A good Samaritan story

This is a good Samaritan story with a modern twist. What if you help someone who really, really needs it, and what if you don’t know when to stop helping.

Good To A Fault

By Marina Endicott

Freehand Books

This is a good Samaritan story with a modern twist.

What if you help someone who really, really needs it, and what if you don’t know when to stop helping.

Clara Purdy is 43 years old. She’s been a caregiver for her parents (until they died). She has a good, (though routine) job and she goes to church. She lives in her childhood home; a house still furnished with her mother’s things. Lately she has been thinking that she’s living a useless sort of life. She fears turning into a clone of her mother, always correct and a bit judgmental.

One day, on her way to the bank, Clara turns left in front of a car that runs the amber light, they meet in the intersection and everyone’s life changes. The Gage family, in the other car, consists of a father and mother, Clayton and Lorraine. There are the kids Darlene, Trevor and the baby Pearce. Mrs. Pell is the grandmother, who is traveling with the family to Fort McMurray where Clayton has been promised work.

No one is really hurt in the accident, but an examination of Lorraine turns up some symptoms not connected with the crash.

Clara discovers the family has been living in the car, their possessions are meager, and they’re broke. She is reluctant to call in the “helping agencies.” Her heart tells her that she should take them to her house to live, until things are straightened out. So she does.

The children get cleaned up and fed, Mrs. Pell finds a spot in front of the TV and settles in. Clayton stays one night and then leaves in Clara’s mothers car, taking several items belonging to Clara, like the stereo and the cash in her wallet.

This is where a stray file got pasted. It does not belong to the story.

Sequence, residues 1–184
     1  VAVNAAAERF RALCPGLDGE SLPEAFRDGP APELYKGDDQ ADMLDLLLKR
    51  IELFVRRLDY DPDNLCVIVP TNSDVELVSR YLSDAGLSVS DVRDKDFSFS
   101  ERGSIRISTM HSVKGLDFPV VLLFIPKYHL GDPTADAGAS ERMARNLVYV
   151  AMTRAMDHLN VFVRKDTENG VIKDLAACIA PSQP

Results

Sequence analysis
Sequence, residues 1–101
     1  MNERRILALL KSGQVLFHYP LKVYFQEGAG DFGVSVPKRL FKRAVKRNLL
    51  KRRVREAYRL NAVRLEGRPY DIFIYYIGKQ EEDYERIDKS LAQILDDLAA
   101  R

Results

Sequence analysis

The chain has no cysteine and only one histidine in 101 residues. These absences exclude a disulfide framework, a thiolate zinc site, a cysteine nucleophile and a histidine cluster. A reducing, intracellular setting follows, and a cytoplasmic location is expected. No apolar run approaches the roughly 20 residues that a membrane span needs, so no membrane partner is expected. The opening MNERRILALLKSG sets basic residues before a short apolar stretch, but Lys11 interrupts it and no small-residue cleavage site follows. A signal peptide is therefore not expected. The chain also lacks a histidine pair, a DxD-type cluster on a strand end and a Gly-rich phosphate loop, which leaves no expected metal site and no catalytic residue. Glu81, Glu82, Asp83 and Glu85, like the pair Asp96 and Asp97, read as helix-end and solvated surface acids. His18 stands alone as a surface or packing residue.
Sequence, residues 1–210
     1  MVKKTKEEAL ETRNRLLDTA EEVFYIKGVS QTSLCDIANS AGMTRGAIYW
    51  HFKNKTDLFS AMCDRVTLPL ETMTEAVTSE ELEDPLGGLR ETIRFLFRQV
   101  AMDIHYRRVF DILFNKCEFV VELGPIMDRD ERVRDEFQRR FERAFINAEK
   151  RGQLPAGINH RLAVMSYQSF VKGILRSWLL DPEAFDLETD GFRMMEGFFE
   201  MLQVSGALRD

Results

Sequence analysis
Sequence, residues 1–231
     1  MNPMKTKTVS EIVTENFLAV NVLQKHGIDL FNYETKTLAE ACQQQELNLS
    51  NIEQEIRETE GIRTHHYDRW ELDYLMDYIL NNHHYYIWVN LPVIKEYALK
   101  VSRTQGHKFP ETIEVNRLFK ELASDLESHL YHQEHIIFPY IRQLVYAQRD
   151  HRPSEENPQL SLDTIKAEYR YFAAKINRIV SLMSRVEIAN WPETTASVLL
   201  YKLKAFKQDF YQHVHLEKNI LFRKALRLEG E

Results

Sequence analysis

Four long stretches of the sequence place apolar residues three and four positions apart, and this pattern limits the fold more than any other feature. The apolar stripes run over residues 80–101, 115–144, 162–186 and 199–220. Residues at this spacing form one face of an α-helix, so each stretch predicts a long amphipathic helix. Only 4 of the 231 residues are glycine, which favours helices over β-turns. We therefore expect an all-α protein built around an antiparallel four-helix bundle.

Fortunately, Clara is not short of money, but she has no experience with child care. She buys beds and groceries, (lots of groceries). One neighbour makes chicken soup and helps out, one threatens the civic authorities under whatever bylaw he can cite.

Lorraine is diagnosed with lymphoma, and a she gets sicker, Clara cares for the children and gets further entangled. The children, especially Darlene (eventually called Dolly) are street smart. They have no delusions about their father or their grandmother. Darlene is a snoop and a petty thief, but she is also a reader and the kindness of strangers becomes her salvation.

There are a lot of other characters here: Paul Tippet the Anglican priest, Uncle Darwin, Lorraine’s brother, a handy guy to have around. Then there is family of Clara’s, Grace and Moreland and Fern. Everyone gives a hand looking after and helping these sweet kids who’s mom is deathly ill. Clara loves the kids and they love her. Lorraine feels grateful but replaced by Clara. Where does generosity end and selfishness begin? What’s going to happen when Lorraine gets better and Clayton comes back? This was a Giller prize finalist; the author lives in Alberta.

Peggy Freeman is a local freelance writer.

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